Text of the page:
Just the other day I was at a backyard barbecue hanging out with two seemingly feminist-leaning men, one of whom was cooking burgers over the grill, when he turned to the other man and asked if he knew how to tell if the burgers were done. He didn’t ask both of us mind you (he didn’t know about my performance art or long history with meat so he’s somewhat forgiven). The entrenched gender association of grilling with men, thrown in my face so blatantly and unexpectedly, floored me, especially when I thought I was in a context in which we both would have equally been asked such a question. The other man admitted he was a vegetarian so had no clue as to how to assess burger cooking progress. So me being me, I (hopefully gently concealing my shock) mentioned my meat passion and showed him how to press slightly on the burgers to sense how cooked they were by how jiggly they felt (more jiggly=more rare, although it does take practice to really get a feel for it–those of you who have a hard time getting perfectly medium or medium-rare burgers, might start using an instant read meat thermometer in tandem with the press-and-jiggle method to perfect your technique). The questioner genuinely seemed to be paying attention, which is not the usual reaction I encounter when guys ask for BBQ help, and I offer it, rather than some neighboring guy. I have gotten into some nasty tiffs with mansplainer personalities over meat advice.

Women…please! Unabashedly take over your backyard grills this summer (and carve the Thanksgiving turkey and the Christmas roast—I can’t tell you how many times I have bitten my tongue watching some man who had no freaking idea what he was doing butcher a carving job acting as the star of the show after his wife had slaved over the meal all day). There is no reason men should be monopolizing these “showcase” cooking roles and receiving accolades for what usually amounts to subpar food (with all due respect to my handful of male friends who do cook some mean BBQ or grilled items…).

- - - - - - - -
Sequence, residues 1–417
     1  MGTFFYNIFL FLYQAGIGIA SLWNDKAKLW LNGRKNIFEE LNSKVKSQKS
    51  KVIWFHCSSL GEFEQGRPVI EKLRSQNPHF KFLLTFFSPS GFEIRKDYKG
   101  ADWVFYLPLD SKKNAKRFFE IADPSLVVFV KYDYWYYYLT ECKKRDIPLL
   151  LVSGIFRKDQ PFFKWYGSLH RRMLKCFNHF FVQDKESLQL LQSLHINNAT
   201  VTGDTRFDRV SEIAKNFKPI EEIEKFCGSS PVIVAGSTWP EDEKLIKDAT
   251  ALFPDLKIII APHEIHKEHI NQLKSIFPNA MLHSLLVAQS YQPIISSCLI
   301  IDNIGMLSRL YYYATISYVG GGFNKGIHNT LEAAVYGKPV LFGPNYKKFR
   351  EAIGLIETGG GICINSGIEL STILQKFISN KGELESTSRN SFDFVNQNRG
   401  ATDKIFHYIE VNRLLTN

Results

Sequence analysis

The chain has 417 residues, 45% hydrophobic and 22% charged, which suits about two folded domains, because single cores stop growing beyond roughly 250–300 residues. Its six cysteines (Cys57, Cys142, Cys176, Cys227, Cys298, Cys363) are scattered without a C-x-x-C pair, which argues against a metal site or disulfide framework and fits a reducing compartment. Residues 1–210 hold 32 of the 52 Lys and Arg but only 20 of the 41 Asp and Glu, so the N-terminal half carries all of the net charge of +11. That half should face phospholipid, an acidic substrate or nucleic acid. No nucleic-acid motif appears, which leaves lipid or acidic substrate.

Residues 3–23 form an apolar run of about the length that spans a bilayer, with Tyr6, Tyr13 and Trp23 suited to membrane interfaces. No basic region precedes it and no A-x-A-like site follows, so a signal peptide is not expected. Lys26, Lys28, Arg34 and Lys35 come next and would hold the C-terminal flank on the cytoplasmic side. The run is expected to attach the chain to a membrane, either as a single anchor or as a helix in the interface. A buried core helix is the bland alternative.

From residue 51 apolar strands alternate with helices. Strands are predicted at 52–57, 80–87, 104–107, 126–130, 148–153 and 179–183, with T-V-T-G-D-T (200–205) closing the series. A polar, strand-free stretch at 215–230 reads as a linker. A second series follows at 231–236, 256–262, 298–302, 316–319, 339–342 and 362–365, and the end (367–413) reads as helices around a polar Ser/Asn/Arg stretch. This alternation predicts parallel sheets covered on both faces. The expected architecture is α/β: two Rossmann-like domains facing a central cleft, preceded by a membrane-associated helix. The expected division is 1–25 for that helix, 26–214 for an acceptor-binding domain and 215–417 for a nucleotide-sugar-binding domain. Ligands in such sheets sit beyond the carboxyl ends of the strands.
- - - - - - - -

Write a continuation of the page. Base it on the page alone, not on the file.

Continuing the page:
Because clearly, even with a strong, feminist presence in her life, my daughter has, at 4, internalized some abhorrent stereotypes. The vast, vast majority of other people have too. These subtle forms of misogyny need to be more actively fought!

(And remember, you can help support my upcoming Rapid Pulse Festival performance here! For a donation of just $10, you can receive a recipe booklet with my favorite lamb recipes, some of which I created myself.)

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Why I Can’t Sell Meat

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A number of years ago, when I first got into buying my meat farm-direct and butchering it myself, I had an interesting conversation with one of my farmers, when I asked why they didn’t just slaughter and butcher themselves (they were having a hard time finding a slot at a slaughterhouse for my order). She said that in Illinois not only can you not legally sell an animal you slaughtered (or butchered) yourself, you can’t even give it away.

I still haven’t been able to corroborate that “no gifting” rule, as, if I recall correctly, in Illinois hunters can donate the deer they kill and field dress to charity organizations (although there may well be some special rule that allows for that specific practice only). But clearly there are plenty of rules that pretty much prevent anyone small from being able to legally butcher and exchange money for meat.